Alison Plevey’s Australian Dance Party has a commission from the National Portrait Gallery in Canberra to create a work in conjunction with the Portrait Gallery’s exhibition of British street portraits from the early 19th century, drawn by John Dempsey. The portraits are beautiful miniatures of working class people in a variety of situations. Plevey’s work, called weave, hustle and halt, is on show at the National Portrait Gallery on Saturdays 2 & 9 September at various times and will reflect the activity, characters and rhythms of the modern-day streetscape. The short work will have a sound score and ‘live busking’ by two musicians from the Canberra Symphony Orchestra, Tim Wickham and Alex Voorhoeve. I look forward to seeing how Plevey can capture the inherent, down-to-earth beauty of these portraits.
Bathing Lady by John Dempsey
Oral history updates
Most of the interviews I have conducted recently for the National Library of Australia’s oral history program have been with people working in various areas of the visual arts. This month, however, I had the pleasure of recording interviews with Mary Li from Queensland Ballet, and of course an outstanding dancer and coach in many situations prior to Queensland Ballet, and with Shaun Parker, director of Shaun Parker & Company. Records should appear shortly on the NLA catalogue.
Press for August
‘A leap of faith.’ Preview story for Blue Love, Shaun Parker & Company. The Canberra Times, 5 August 2017, p. 11. Online version. See also this link.
‘Torment laid bare in gripping work.’ Review of Bennelong, Bangarra Dance Theatre. The Canberra Times, 7 August 2017, p. 18. Online version.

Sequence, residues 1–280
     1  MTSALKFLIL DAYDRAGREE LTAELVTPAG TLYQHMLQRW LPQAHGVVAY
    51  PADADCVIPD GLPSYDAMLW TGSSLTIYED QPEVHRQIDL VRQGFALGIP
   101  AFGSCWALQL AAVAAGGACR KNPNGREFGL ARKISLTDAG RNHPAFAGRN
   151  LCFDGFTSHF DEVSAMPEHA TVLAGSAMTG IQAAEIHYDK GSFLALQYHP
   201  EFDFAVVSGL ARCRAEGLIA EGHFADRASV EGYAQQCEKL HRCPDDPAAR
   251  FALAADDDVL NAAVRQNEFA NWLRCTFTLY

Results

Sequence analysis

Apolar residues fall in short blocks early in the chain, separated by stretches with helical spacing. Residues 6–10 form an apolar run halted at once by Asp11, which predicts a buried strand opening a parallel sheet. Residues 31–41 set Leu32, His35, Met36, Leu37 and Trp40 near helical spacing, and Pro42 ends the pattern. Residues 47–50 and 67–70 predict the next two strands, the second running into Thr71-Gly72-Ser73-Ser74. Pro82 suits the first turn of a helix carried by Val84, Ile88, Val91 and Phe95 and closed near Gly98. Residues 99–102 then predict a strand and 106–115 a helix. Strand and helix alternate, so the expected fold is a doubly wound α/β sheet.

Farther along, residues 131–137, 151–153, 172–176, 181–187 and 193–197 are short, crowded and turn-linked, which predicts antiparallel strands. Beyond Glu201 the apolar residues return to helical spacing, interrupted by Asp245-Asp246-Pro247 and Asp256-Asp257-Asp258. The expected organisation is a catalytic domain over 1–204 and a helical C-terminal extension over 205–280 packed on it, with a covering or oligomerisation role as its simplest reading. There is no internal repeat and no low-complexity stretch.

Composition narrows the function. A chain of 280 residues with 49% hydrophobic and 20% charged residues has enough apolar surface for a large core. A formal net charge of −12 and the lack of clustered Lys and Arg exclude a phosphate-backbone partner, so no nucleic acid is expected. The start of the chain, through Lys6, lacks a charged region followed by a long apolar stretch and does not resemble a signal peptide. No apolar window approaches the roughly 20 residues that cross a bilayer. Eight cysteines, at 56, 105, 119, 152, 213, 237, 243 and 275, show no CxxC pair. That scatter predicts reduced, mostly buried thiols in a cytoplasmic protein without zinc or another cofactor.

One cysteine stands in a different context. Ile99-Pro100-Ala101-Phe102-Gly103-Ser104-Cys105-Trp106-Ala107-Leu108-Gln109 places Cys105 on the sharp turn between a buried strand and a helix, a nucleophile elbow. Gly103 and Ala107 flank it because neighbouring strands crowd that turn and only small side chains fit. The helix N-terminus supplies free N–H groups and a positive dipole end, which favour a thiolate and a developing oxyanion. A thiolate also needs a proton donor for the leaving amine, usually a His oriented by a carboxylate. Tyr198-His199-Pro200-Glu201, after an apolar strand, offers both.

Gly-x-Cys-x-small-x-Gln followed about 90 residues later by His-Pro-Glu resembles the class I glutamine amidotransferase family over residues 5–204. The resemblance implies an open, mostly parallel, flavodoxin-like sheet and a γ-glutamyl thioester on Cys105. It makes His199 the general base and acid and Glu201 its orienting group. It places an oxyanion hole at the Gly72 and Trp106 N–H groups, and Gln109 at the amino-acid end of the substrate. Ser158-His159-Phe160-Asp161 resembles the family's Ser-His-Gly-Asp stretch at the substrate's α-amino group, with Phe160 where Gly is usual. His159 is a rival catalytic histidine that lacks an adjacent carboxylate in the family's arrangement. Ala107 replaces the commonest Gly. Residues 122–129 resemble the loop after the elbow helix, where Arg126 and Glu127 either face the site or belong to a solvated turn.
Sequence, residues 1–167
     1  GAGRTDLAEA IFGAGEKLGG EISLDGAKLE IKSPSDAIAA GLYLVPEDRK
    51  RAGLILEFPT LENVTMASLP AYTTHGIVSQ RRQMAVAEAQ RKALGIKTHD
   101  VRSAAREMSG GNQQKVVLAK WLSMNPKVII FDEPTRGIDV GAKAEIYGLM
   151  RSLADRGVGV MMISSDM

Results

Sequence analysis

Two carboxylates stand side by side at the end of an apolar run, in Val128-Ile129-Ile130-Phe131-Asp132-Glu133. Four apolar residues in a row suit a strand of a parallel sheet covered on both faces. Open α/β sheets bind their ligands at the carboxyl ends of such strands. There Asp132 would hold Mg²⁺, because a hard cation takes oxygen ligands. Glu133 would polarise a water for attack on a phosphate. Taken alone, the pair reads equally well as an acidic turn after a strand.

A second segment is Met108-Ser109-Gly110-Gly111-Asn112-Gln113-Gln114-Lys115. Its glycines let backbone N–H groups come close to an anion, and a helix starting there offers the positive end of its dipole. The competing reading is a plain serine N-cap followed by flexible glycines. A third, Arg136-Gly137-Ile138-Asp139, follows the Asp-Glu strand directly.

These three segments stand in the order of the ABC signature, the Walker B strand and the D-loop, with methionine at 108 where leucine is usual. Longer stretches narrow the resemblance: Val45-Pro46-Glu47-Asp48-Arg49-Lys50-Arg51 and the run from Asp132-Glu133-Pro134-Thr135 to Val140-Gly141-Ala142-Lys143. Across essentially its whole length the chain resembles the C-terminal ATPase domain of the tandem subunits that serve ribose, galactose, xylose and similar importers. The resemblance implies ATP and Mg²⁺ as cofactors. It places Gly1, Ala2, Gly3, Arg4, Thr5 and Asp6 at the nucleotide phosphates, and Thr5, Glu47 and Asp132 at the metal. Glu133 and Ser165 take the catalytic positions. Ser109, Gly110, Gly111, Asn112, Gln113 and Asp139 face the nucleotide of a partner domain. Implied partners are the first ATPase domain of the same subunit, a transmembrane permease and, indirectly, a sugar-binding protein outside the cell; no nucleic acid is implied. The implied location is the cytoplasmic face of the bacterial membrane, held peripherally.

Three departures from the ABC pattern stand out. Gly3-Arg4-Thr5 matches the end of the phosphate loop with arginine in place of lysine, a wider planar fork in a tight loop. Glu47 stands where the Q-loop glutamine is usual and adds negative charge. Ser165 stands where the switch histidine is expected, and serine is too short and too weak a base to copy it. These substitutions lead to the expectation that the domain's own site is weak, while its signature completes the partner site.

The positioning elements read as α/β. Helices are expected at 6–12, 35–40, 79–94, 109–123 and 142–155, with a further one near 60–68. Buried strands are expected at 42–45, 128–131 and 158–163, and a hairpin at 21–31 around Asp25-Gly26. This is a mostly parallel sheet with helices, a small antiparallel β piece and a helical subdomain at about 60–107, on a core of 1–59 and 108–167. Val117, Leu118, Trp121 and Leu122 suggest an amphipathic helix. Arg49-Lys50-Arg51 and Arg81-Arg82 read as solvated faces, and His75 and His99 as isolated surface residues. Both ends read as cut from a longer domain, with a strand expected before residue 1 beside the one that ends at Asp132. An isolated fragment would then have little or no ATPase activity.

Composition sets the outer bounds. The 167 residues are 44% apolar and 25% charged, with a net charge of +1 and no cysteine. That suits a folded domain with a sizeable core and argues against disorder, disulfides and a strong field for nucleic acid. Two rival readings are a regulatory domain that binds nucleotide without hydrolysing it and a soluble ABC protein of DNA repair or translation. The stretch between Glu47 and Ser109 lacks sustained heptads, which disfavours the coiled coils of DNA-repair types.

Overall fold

One of the unfortunate consequences of the Federal Government’s so-called ‘efficiency dividends’, which have been forced on our cultural institutions over more years than I care to count, has been the demise of the National Library of Australia’s quarterly print publication, The National Library of Australia Magazine. The current issue, June 2016, is the last that will be printed. The magazine began in 1990 as a monthly publication with the title National Library of Australia News. Its intention,as explained by current Director-General, Anne-Marie Schwirtlich, was ‘to raise awareness of the diversity and strength of the Library’s collections’. One of the Library’s great strengths has been its exceptional collection of dance materials and, while I am more than sad that the publication is closing up shop, I am also pleased and honoured to have an article in the final issue. It is the 35th dance-related article I have written for the magazine.
My article for this final issue is called simply ‘Tutu’ and on the front cover it is mentioned with the words ‘Triumph of the Tutu’. Those who are aware of my dance writing may know that I have published on this topic before, always with a different slant to suit different publications. This time the article uses some wonderful illustrations drawn from the Library’s Pictures Collections and draws on the words of designer Hugh Colman from an oral history interview recorded for the Library in 2012. The full article with the inclusion of the front and back cover is at this link. And what a great cover it is too!
The full list of my articles for the National Library’s magazine is at this link.
17 April 2016, the Q, Performing Arts Centre, Queanbeyan
In April Canberra’s youth dance company, Quantum Leap, and YDance, the National Youth Dance Company of Scotland based in Glasgow, joined forces for a once-only performance of a triple bill, 10,000 Miles. The performance was part of a wider program, ‘meetup’, involving youth dance companies from Melbourne and various parts of New South Wales, as well as Quantum Leap and YDance. For 10,000 Miles the three works on show were Act of Contact by Sara Black showcasing the Canberra dancers; Maelstrom by Anna Kenrick, artistic director of the Scottish company, which was performed by the Scottish dancers; and Landing Patterns, a piece choreographed jointly by Kenrick and Ruth Osborne, artistic director of Quantum Leap, featuring dancers from both companies.